Thursday, May 26, 2016

Andrew Ephraim Nyborg and Laura Elizabeth Hansen

 Andrew Ephriam Nyborg was born 12 July 1861 in Salt Lake City, Salt Lake, Utah.  His parents were Anders Olsson Nyborg (b.1827) and Ingar Hansdotter (b. 1835).  He married Laura Elizabeth Hansen 12 Feb 1891 in Mt. Pleasant, Sanpete, Utah.  The following children joined their family: Ephraim Eleel (1892); Mildred Johanna (1893); Kirksel (1894); Andrew Percy *(1896); Indra Elizabeth (1897); James Shirley (1899); Alfonso Hansen (1906); Theodore Lloyd (1907) and Laurinda Jensen (1886) the older half sister.  Laura Elizabeth brought Laurinda from her first marriage to  Andrew Peter Jensen (1883) who died in 1886.  Andrew  Ephriam Nyborg died 5 Oct. 1918 in Salt Lake City, Salt Lake, Utah. He was buried 7 Oct. 1918 in the Wilford Cemetery, Fremont, Idaho.

Life Sketch: Andrew was the oldest of 5 children. His parents both joined the Mormon Church and emigrated from Sweden to Utah in 1857. During this journey, they married in Iowa. They left Salt Lake City for Mt. Pleasant in early 1863 when Andrew was a toddler. He married in 1891 and then moved his family to Twin Groves, Idaho in 1900. He drove a team and wagon with all their worldly goods and put his young family on the train. They arrived in St. Anthony on July 4th. His son Percy writes “We moved into small log house at Twin Groves until father could get a home built on the land that he had bought” but his daughter Mildred writes “I was born in Mt. Pleasant, Utah in a house my parents had fixed up from a granary, on grandmother Nyborg’s place. Later grandmother gave them a piece of land about a mile from the edge of town, where father built a large brick house, where we lived until 1900 when we moved to St. Anthony, Idaho. .. Here I have lived on farms east of St. Anthony, first on the south part of the Ephraim Davidson homestead, 3 1/2 miles from St. Anthony where we lived in the same house with John Rosenlof family, later moving to the Mickelsen homestead two mile east of St. Anthony, where we lived until father bought the north part of the Ephraim Davidson homestead where he built a large frame house.”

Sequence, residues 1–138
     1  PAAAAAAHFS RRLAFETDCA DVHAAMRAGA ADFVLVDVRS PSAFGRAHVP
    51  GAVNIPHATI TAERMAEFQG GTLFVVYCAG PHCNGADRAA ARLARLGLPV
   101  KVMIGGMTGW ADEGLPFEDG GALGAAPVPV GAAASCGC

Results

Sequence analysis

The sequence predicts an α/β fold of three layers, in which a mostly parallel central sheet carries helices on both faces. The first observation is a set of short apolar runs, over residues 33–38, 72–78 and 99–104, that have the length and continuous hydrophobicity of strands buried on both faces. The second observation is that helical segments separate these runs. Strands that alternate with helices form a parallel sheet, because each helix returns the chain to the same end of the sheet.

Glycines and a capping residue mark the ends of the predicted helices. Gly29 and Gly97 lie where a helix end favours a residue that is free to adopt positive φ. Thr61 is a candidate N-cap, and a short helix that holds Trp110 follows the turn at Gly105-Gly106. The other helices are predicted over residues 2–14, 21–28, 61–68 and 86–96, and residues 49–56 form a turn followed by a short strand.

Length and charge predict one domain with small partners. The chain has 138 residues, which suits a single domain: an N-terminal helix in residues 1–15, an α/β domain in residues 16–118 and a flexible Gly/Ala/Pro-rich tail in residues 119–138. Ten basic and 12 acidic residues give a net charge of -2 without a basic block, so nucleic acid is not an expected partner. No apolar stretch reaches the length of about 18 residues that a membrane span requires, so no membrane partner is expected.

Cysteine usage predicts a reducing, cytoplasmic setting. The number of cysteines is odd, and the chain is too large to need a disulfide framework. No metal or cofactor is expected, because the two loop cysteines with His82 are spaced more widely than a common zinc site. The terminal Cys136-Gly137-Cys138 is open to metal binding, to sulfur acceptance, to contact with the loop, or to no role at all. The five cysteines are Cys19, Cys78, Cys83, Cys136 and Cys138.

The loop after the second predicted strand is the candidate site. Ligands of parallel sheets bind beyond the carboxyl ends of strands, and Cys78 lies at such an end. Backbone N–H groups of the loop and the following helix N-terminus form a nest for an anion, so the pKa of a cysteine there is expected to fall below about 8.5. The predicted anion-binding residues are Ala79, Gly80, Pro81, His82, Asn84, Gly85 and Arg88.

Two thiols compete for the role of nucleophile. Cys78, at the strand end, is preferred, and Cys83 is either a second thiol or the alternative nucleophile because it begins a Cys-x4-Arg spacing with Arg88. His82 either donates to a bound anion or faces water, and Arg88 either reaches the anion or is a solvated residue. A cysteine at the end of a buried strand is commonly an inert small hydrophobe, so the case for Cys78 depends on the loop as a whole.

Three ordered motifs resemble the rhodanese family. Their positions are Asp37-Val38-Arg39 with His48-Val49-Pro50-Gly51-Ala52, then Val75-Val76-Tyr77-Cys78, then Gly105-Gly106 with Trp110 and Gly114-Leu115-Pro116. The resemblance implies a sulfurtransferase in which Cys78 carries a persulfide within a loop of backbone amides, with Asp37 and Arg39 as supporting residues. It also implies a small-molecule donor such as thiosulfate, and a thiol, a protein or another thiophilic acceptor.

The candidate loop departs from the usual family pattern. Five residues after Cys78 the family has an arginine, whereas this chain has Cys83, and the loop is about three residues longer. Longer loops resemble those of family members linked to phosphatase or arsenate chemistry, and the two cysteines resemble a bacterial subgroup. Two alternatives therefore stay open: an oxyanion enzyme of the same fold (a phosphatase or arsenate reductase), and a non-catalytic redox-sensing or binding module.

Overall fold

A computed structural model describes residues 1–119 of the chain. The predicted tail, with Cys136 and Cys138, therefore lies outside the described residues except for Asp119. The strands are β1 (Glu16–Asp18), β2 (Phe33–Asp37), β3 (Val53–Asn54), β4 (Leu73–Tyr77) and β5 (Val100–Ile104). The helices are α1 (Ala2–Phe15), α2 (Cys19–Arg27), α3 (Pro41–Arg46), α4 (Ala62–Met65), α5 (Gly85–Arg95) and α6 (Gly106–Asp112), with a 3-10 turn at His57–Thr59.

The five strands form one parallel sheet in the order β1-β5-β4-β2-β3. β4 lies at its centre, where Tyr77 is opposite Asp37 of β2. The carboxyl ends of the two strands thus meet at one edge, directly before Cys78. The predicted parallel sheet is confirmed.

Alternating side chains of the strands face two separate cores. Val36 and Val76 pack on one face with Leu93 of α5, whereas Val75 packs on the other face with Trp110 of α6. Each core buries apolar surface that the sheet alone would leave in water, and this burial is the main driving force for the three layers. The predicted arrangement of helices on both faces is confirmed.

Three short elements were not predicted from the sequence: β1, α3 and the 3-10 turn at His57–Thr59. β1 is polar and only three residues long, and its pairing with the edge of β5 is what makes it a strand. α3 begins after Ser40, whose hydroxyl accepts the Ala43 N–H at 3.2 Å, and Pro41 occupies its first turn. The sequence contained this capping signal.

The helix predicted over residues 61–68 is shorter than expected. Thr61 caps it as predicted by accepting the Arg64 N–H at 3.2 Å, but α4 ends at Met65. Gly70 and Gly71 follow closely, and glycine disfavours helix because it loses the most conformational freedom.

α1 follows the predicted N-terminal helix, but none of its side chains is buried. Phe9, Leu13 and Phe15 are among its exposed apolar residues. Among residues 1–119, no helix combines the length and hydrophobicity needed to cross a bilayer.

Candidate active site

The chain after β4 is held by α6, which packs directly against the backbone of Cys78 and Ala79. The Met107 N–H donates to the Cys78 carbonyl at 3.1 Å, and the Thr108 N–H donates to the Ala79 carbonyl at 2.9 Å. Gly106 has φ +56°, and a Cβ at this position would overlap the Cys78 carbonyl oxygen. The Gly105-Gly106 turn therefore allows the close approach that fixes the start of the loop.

Andrew also helped to build the schoolhouse in Twin Groves, the Church House in Twin Groves, and probably helped to construct the Yellowstone Stake Tabernacle in St. Anthony. His daughter Mildred remembers a Twin Groves 4th of July celebration where she was chosen as the Goddess of Liberty and rode on a float that was pulled by her father and two of his “large beautiful horses”. In 1901, with two of his friends, he bought 200 acres of land in Squirrel country, now in the Fremont District. They ran their cattle on it during the summer. In a couple of years Andrew’s brother William married and bought the land from Andrew and his friends, Mr. Rosenholf and Mr. Hansen. Then Andrew bought 40 acres of school land adjoining it.  In 1910 Andrew purchased another adjoining 120 acres. His son Percy moved up to the ranch during the summer full time.

In July 1912 his wife passed away suddenly, which was a great shock to the family. His son Eleel married that same year on Nov. 12 to Jessie Freer.   Andrew raised the younger children with the help of the older children. He passed away in a hospital in Salt Lake City Oct. 5, 1918, three days after his son Andrew Percy was wounded in France during World War I. It took six weeks for Percy to learn of his father’s death.

Sources - Sketch of Life of Mildred Johanna Nyborg (Peterson) written by her in 1937